Can someone in the United States as a spouse on a nonimmigrant dependent visa, such as F-2, J-2, or H-4, apply for EB-5?

Yes, a spouse on a nonimmigrant dependent visa, including F-2, J-2, or H-4, may apply for the EB-5 visa provided they meet the eligibility criteria of the EB-5 program. If a nonimmigrant dependent visa holder applies for the EB-5 visa, their spouse—the primary nonimmigrant visa holder—may be included as a derivative beneficiary on the dependent’s EB-5 application.

EB-5 Visa: Eligibility

To begin with, any prospective EB-5 investor must meet the financial requirements for the EB-5 program.

The minimum investment amount currently stands at $1,050,000, while projects located in targeted employment areas (TEAs) have a reduced investment amount of $800,000. A region in the United States with a TEA designation is defined as having an unemployment rate that is 150% of the national average, or a rural area that is located outside a metropolitan statistical area (MSA) with a population of 20,000 or more.

In addition, the EB5 investor’s investment capital must be lawfully sourced and remain “at risk”. When adjudicating the EB-5 investor’s I-526 petition, United States Citizenship and Immigration Services (USCIS) will examine the origins of the investor’s funds to ensure all funds are legitimate and were lawfully obtained. The EB-5 investor must also irrevocably commit their investment funds to their chosen project, whether directly into the business or into an escrow account. The “at risk” requirement refers to the equal likelihood of financial gain and loss that the EB-5 investor must incur with their investment.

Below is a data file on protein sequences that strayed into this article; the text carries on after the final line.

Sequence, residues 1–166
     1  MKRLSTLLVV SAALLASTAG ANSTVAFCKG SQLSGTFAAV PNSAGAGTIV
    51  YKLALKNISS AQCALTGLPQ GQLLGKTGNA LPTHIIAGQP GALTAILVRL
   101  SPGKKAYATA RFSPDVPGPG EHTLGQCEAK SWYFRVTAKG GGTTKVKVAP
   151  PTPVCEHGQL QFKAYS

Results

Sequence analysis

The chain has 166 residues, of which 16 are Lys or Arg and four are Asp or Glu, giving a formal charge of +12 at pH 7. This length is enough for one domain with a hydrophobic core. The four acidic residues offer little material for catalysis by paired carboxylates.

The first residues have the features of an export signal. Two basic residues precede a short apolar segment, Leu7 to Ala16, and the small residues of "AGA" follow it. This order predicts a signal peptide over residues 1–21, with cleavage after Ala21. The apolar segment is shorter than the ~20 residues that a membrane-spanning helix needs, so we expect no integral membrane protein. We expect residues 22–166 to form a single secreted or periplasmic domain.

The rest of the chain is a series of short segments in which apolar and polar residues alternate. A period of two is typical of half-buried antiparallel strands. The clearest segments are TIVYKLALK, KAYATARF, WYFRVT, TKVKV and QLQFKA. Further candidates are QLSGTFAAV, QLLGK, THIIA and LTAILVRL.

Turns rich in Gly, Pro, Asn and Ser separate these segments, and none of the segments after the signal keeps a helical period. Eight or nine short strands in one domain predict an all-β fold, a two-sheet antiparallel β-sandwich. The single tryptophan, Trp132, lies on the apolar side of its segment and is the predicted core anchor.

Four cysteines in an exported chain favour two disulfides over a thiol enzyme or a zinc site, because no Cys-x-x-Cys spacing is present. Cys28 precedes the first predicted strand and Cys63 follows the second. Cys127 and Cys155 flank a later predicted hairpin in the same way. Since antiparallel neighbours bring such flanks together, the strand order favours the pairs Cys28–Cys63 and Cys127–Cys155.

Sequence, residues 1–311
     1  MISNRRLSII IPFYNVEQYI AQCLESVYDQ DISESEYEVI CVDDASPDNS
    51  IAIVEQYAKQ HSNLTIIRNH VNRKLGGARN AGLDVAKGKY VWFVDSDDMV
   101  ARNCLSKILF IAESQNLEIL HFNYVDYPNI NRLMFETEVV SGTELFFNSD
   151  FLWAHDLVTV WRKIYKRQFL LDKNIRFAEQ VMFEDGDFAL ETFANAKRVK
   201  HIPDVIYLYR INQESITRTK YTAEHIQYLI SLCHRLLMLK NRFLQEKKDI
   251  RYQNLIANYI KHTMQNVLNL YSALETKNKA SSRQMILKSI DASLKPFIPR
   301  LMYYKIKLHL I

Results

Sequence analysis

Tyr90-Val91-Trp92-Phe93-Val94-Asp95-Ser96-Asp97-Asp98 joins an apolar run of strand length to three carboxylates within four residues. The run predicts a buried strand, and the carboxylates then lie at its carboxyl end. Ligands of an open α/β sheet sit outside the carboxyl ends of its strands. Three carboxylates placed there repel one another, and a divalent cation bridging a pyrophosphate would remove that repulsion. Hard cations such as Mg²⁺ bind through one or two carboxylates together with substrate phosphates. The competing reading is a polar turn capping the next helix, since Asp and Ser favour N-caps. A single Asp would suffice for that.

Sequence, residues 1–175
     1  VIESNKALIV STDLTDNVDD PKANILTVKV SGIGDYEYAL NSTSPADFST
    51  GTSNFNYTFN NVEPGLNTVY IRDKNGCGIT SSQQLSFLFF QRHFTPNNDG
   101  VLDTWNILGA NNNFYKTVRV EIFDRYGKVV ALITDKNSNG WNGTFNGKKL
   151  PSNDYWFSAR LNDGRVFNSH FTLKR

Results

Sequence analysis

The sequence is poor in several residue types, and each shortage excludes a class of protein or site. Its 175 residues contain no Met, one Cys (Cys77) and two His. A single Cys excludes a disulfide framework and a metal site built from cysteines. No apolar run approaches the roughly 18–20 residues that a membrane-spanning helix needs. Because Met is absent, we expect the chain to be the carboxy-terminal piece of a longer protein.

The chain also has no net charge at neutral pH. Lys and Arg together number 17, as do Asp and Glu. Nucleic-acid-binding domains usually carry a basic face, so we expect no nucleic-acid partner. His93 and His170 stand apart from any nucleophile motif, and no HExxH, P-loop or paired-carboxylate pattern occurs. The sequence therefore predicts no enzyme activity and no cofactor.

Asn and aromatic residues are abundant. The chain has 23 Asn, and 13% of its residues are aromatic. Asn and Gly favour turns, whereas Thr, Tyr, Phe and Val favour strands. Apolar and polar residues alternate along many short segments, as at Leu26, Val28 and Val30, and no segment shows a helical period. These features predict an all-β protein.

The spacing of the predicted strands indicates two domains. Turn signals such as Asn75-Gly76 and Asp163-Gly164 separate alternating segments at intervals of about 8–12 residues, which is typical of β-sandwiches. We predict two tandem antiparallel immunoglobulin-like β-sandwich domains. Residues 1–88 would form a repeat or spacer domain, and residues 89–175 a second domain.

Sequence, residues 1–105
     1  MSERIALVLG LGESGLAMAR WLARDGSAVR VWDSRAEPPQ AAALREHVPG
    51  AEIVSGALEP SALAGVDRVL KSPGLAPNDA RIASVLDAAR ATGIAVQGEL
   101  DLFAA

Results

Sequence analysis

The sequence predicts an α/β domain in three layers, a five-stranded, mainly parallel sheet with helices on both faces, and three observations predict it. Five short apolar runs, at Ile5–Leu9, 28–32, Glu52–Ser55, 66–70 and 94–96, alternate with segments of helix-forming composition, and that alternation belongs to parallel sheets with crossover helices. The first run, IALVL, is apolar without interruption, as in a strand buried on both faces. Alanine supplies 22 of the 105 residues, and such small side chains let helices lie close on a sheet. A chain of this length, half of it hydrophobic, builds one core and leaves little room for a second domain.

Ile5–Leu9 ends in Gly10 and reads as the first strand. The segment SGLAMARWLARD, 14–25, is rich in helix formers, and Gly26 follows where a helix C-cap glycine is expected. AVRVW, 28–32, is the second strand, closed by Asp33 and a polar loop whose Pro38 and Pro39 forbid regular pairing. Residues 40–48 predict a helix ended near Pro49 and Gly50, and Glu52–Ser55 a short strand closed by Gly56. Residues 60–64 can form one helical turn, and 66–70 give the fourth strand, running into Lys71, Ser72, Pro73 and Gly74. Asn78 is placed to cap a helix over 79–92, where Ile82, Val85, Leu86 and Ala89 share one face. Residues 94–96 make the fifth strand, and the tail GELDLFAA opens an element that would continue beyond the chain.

Beyond the mandated financial requirements, the EB-5 investor must submit a business plan that outlines how they will meet the job creation requirement. As part of the EB5 program’s motive to stimulate the U.S. economy, every EB-5 investor must generate at least 10 full time jobs through their investment. These positions must be filled by authorized U.S. workers. Furthermore, the EB-5 investor must invest in a project or business that satisfies the criteria of an eligible new commercial enterprise (NCE).

Finally, all EB-5 investors should be aware of the differences and respective benefits of direct investment and investing through a regional center. One distinguishing factor between the two models is the expectation towards employment creation; an EB-5 investor following the direct model can only count direct jobs towards their quota, while regional center investors may count induced and indirect jobs towards their tally.